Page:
What happens after the grant is funded?

The Brown lead PI should be prepared to:

  • Train a member of the Brown research team to serve as the "IRB liaison."
    The HRPP plans to offer orientation, training and resources to IRB liaisons working with Brown PIs.  Contact Sheila Vandal for more information.

  • Contact the HRPP to request the use of an external IRB.
    Alert the HRPP that you have received funding and are ready to begin the process of establishing the sIRB review with an external site IRB or a commercial IRB (i.e., Advarra).  You will be asked to complete an IAA Application to provide the information we need to establish reliance agreements with other sites.

  • Facilitate the establishment of reliance agreements between the sIRB and sites.
    Each participating site will need to establish a reliance agreement, also known as an IRB authorization agreement (IAA), with the sIRB. The reliance agreement documents the arrangement and also establishes expectations about communication, reporting, and procedures. Brown University, many peer institutions, and many sIRBs have already signed a “generic” Master Reliance Agreement called the SMART IRB Agreement. The SMART IRB agreement eliminates the need to establish a study-specific agreement. Studies and institutions making use of this existing agreement will have a streamlined startup process.

  • Submit for IRB review.
    For specific information, visit our IRB Authorization Agreements (IAAs) website. In general, most sIRB review for cooperative research studies will involve the following steps:

    1. Submitting an IAA Application

    2. Submitting the generic protocol and consent materials for review by the sIRB.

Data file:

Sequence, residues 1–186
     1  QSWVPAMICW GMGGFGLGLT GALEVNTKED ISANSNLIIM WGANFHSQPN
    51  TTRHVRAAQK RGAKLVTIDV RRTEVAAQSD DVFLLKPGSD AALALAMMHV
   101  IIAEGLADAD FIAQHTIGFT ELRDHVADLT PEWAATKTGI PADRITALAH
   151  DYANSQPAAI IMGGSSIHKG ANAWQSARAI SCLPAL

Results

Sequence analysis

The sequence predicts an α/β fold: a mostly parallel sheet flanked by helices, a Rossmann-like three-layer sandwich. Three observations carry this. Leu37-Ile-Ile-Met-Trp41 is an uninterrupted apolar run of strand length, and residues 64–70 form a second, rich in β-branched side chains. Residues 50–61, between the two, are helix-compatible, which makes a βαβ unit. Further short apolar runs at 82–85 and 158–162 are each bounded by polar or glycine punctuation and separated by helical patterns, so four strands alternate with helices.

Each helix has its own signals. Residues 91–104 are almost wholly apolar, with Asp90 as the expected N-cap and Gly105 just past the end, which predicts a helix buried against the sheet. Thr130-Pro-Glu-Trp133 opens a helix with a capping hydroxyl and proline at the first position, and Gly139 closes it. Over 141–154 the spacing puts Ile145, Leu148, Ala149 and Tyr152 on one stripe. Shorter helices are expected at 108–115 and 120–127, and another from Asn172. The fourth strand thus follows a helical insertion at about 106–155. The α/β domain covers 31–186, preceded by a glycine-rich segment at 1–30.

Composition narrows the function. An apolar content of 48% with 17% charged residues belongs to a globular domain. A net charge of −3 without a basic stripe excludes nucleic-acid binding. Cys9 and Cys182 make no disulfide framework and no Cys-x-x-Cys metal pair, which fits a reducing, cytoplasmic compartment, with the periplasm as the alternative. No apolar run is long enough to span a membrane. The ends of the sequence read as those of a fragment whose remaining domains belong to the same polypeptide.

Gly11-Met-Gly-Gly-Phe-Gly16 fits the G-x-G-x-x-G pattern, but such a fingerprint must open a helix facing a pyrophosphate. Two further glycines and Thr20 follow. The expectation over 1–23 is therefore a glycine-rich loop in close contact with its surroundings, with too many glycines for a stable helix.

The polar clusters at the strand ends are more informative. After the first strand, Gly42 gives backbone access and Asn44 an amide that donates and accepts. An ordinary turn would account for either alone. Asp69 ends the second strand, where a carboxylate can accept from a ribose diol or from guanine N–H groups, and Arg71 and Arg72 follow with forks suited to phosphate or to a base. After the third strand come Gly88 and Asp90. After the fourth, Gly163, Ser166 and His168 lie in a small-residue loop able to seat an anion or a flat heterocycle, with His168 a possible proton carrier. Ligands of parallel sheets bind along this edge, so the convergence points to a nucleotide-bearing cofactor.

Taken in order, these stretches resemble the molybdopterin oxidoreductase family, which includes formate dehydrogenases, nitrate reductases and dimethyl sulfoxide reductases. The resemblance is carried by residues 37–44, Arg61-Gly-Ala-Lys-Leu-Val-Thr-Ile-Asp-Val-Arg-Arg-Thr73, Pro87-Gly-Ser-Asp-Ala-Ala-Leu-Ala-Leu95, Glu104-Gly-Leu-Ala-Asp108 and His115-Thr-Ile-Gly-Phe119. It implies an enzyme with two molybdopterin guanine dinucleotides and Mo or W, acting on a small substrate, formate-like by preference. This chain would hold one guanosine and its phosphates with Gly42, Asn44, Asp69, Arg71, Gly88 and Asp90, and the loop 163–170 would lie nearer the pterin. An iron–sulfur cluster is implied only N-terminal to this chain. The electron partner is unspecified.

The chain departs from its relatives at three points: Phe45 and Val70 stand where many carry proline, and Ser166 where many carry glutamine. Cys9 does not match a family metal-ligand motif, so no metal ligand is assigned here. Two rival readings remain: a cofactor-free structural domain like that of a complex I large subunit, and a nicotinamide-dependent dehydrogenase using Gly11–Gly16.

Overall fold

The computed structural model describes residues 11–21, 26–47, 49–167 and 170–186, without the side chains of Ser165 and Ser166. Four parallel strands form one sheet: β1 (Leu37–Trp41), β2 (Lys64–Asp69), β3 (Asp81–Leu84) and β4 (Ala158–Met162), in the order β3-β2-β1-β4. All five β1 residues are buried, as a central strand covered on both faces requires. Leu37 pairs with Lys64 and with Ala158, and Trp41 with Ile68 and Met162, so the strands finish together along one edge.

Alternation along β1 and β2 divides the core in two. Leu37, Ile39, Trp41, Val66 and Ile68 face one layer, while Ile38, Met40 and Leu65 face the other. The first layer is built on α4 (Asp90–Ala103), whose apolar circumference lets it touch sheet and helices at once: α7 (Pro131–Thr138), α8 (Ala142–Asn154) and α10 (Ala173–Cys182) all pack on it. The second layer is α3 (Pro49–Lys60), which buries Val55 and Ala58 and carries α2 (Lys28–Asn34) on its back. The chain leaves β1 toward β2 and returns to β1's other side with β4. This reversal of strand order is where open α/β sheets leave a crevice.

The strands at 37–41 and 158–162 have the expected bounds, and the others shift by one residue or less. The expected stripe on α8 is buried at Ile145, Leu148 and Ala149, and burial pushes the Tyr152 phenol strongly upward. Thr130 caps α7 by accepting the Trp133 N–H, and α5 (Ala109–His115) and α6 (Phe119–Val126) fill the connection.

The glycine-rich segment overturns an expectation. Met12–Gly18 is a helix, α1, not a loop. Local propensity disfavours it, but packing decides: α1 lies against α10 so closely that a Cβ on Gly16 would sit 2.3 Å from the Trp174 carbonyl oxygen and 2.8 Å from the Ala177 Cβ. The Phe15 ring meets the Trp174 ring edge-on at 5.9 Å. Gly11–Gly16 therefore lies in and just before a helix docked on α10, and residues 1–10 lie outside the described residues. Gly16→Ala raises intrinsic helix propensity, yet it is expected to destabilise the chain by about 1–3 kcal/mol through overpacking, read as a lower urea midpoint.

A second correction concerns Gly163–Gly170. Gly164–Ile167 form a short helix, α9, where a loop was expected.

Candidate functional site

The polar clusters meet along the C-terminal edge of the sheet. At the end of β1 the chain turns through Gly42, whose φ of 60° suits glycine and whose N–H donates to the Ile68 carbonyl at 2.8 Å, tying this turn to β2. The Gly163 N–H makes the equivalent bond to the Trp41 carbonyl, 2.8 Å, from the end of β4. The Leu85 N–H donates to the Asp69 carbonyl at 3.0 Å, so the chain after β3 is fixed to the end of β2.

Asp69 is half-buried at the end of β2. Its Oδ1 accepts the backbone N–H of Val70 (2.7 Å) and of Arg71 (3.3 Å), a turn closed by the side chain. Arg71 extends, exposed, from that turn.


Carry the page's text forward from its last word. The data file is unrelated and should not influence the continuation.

3. Submitting site-specific information such as investigator qualifications, site specific recruitment and consent information, and other local context information (e.g., state laws about the age of majority) for review by the sIRB.

Frequently Asked Questions (FAQs)

1) The quote we received from a commercial IRB was very steep. Is there a designated portion of the costs that Brown will cover?

There is no institutional funding available to cover costs associated with using a commercial IRB (Advarra or otherwise). We strongly encourage the collaborating research sites to determine up-front which will serve as the IRB of Record. 

2) If a site is added in the middle of an ongoing project that already has 3 engaged sites, and the addition of this site results in 4 engaged sites, will a contract with Advarra (or another commercial IRB) need to be established?

In the rare instance that a fourth site is added mid-study and is engaged in human subjects research and Brown is already serving as the sIRB, we can evaluate that particular case to determine if Brown's IRB could continue to serve as the sIRB. 

3)  Do we have to use an external commercial IRB when we have >3 engaged sites?

There is no mandate that a cooperative research study use Advarra or any other external commercial IRB. Any site engaged in a cooperative research study can serve as the IRB of Record. Brown established a reliance agreement with Advarra to facilitate a more expeditious review in instances where an investigator elects to work with Advarra. In instances where all engaged research sites involved in collaborative research refuse to serve as the IRB of record, please notify us so we can keep track of how frequently this occurs and if it occurs in instances where there is a total cost cap mandated by the sponsor.

4) Is an external IRB only required with 4 or more research sites?

Yes, an external IRB is required for 4 or more non-Exempt sites engaged in human subjects research (including Brown in the total number of sites).

Sites that are not engaged in human subjects research or conducting Exempt research do not count toward the total number of research sites.